UK / 1957
Director: John Boulting
Writers: Patrick Campbell, Jeffrey Dell (based on a novel by Kingsley Amis)
Cast: Ian Carmichael, Terry-Thomas, Hugh Griffith, Sharon Acker, Jean Anderson, Maureen Connell, Clive Morton
The behind-the-scenes squabbles during the making of Lucky Jim could themselves have been something out of a Kingsley Amis novel. Original director Charles Crichton (The Lavender Hill Mob) was replaced after a fortnight’s shooting by the film’s co-producer, John Boulting, and Amis’s university satire was broadened out into a more accessible farce. Indeed, the new director introduced several scenes that weren’t in the novel (Crichton had intended to remain true to the original) but despite the disputes, the resultant movie is still a hugely enjoyable comedy featuring some of the greatest British talent of the time.
Ian Carmichael stars as Jim Dixon, a junior history lecturer at a red brick university, who’s frustrated by both his job and the faux culture which his departmental head, Professor Welch (Hugh Griffith), has created. Jim fails to endear himself to the Welch family when he spends a weekend with them, constantly quarrelling with their pompous son Bertrand (Terry-Thomas), and falling in love with Bertrand’s fiancée, Christine (an accomplished debut by Canadian actress Sharon Acker). After he wrecks a ceremonial event at the university, things get even worse when Jim’s asked to deliver a public lecture based on Professor Welch’s book, ‘Merrie England’: Dixon takes the meaning a little too literally and turns up to deliver his speech in a drunken stupor. Luckily for Jim, things can only get better.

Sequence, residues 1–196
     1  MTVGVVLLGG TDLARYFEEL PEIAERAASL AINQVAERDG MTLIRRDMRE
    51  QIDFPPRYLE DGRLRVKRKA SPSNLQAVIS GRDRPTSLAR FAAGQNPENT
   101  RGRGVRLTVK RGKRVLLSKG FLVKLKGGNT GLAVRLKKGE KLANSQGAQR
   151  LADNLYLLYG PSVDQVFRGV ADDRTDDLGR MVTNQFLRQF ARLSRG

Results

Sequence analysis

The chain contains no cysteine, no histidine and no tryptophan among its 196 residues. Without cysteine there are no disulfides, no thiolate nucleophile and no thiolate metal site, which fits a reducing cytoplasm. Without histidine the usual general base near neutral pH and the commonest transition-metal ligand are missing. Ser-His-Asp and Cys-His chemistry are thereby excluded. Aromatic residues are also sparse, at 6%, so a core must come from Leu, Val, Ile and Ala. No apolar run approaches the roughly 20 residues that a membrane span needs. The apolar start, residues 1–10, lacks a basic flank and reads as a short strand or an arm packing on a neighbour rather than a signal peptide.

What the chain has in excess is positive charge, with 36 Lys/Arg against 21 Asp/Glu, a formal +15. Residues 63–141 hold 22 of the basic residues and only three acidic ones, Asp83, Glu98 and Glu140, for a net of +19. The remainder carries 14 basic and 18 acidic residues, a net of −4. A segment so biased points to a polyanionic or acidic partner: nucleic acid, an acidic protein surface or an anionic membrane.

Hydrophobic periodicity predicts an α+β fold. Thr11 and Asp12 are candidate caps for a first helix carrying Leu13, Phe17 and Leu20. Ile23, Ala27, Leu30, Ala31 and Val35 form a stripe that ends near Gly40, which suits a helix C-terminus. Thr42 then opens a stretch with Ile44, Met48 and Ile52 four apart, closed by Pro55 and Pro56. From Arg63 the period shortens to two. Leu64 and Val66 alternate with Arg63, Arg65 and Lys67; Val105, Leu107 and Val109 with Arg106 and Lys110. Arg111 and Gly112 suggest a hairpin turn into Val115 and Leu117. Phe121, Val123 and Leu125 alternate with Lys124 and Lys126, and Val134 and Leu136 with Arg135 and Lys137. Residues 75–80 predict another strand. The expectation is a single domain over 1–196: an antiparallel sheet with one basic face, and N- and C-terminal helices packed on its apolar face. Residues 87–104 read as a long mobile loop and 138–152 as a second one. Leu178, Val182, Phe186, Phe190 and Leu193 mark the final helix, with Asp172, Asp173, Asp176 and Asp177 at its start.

“Following Private’s Progress and Brothers in Law, the Boulting Brothers – who leap joyously upon pomposity and deflate it gleefully – can now claim three hits in a row,” Variety wrote, adding, “Kingsley Amis’s novel has been built up into a farcical comedy which provides plenty of opportunities for smiles, giggles and belly laughs.”